My daughter is my first and main motivator. Just being home with her after school everyday. That in itself was a huge motivator. Outside of that, just looking around to the people who needed to get help and medical attention. That was also a huge motivator. I have somewhat of a nature to do that. We have four doctor’s offices. They are located in Burton, Grand blanc, downtown Flint, and one in Flint Twp.
What advice would you give to your younger self?
Get into the medical field earlier. You won’t regret it.
What are you passionate about?
I’m really passionate about learning new languages. I’ve always loved linguistics. I actually started learning Russian around 2020, around the same time I had to learn Spanish as I lived in southern Florida and majority of the populace in the area was Latino. I enjoyed it a lot, but I had some trouble with the alphabet and the pronunciation. For example, the “l” in “llama” would always throw me off. So learning the Russian Cyrillic alphabet was actually much easier for me. I just grabbed everything I learned as a kid and applied it with a new set of rules. I started it as a hobby. I had some Russian friends, and I used to watch their daughter. I had two nights off, like Thursday and Friday. In return for watching their daughter, all I asked for was to learn Russian. So, at night, I would work with the parents on learning the language. I started off by reading books and some material they put on the refrigerator for me to study. It also helps if you don’t care about looking like a fool. It’s definitely worth it because you start to learn phrases and then you start to understand what people are saying. With Spanish, I was told that I speak with a Mexican accent, and a slight accent with Russian and Portuguese. I think my love for linguistics stemmed from my family living overseas for a while. Being born in a different country also sparked my curiosity for linguistics and cultures. My mom spoke German as I grew up. While she was stationed there, it was tough when nobody was able to help you unless you spoke the language. So, when in Rome, right?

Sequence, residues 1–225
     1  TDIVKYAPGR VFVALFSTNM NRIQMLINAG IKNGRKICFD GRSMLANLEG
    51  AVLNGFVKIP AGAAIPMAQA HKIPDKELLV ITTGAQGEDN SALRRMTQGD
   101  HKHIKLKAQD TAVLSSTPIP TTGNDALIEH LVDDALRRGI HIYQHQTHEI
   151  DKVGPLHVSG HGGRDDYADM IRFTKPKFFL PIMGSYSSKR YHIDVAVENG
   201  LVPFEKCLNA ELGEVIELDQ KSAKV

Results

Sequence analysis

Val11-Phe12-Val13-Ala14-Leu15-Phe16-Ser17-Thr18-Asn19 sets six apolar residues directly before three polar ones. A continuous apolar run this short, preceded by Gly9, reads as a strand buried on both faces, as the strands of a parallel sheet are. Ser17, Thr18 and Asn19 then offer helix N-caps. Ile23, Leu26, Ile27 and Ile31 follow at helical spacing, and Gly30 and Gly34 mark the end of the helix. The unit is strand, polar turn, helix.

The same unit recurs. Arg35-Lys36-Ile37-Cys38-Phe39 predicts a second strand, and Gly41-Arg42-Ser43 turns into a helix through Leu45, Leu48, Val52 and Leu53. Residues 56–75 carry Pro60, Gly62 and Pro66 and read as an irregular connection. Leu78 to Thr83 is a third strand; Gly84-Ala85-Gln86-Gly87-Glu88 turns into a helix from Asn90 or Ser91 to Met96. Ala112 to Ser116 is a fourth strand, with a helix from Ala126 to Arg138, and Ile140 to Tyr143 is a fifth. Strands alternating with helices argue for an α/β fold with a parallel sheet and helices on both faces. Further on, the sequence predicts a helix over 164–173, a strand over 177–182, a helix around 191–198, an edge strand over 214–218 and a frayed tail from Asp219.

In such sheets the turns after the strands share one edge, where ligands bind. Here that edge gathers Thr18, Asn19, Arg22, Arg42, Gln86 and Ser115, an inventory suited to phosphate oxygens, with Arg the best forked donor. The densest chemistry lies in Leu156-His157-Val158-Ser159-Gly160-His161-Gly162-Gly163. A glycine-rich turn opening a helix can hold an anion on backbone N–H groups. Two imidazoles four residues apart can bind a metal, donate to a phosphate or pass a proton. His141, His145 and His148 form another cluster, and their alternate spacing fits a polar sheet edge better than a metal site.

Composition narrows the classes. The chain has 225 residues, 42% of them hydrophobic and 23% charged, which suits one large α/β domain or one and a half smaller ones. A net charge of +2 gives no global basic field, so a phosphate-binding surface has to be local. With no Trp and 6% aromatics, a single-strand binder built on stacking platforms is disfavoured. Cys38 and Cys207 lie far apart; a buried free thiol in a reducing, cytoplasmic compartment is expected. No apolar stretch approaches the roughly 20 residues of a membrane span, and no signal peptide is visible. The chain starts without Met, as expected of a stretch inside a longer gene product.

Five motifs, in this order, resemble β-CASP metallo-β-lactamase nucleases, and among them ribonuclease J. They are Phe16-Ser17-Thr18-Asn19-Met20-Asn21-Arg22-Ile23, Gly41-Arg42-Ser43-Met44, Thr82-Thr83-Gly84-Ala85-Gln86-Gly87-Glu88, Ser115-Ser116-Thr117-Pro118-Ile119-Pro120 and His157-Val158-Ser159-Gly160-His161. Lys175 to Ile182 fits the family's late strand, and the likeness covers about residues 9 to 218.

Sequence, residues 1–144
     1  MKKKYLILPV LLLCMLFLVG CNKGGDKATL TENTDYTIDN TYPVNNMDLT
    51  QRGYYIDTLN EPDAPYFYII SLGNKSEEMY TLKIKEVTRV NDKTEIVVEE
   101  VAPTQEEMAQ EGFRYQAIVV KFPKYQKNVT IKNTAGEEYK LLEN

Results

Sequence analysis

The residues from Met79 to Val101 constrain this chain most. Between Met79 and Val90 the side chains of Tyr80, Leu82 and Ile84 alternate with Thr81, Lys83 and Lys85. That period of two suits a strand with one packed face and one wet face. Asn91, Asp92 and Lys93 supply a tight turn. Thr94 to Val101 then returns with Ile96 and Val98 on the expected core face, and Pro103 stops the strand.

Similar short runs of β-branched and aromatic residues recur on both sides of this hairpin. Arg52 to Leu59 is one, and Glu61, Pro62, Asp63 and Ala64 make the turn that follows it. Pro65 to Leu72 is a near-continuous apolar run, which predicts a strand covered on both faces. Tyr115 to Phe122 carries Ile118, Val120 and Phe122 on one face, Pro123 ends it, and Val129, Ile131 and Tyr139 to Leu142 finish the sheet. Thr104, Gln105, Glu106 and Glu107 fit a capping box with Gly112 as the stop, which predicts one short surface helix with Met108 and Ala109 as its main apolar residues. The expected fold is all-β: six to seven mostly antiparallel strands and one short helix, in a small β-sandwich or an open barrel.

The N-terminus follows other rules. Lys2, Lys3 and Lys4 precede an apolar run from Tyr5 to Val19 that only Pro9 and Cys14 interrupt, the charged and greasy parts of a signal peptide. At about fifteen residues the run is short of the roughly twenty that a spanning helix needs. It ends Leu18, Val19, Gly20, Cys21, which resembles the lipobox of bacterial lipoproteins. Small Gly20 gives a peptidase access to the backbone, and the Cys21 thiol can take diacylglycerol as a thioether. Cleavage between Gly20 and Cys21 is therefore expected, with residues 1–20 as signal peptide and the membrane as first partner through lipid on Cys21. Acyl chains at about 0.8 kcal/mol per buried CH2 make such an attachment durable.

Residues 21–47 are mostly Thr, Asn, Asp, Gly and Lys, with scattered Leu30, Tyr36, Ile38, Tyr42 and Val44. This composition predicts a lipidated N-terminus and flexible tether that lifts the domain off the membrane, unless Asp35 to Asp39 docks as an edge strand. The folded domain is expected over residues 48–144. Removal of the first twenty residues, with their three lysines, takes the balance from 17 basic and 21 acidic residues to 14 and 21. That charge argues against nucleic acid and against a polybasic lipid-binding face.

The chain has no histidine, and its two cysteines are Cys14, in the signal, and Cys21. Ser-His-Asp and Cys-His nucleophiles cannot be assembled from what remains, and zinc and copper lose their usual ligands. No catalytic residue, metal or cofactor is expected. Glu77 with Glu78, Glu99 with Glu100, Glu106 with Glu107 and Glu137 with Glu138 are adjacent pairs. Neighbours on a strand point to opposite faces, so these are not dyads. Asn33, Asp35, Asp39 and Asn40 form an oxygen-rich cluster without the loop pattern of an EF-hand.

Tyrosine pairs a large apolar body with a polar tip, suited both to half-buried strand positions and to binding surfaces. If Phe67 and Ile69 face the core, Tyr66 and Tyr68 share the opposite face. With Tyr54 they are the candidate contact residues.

Tell me about your hobbies.
I’m really into science, but I do enjoy scientific theories and learning about quantum theories and the basic rules of our Universe. Also electronic devices fascinate me. I’ve always wondered what would happen if you were to take a set of smart glasses called Vue that uses bone conduction technology and applied the idea to a person who is either deaf or partially deaf. But, yeah, those are the kind of things I like to think about every now and then.
In addition to my love for technology and science, I also would like to start doing more water sports, like surfing. Just go grab a board and surf in the Great Lakes. They say September through May is usually the best time to go surfing, so I am hoping to give it a try sometime soon. It’s definitely on my bucket list.
Any future goals or aspirations?
I am hoping to find the right girl, get married, settle down, and maybe have more kids.
I also do Christian cinematography. I own Vapor Studio LLC for Sports Creek, so eventually I wanna get that started up and just focus on it. Christian cinematography is something I feel needs a lot of attention these days, so I wanna get to a point where I have the luxury of dedicating a lot of time to it.
Additionally, I want to start a college savings fund for my daughter to have for when she’s older. She is only 11 right now, but time goes by pretty fast, so if she chooses to go to college, she will have some help. Overall, though, I do enjoy where I’m at right now in life, but those things are definitely at the top of my list.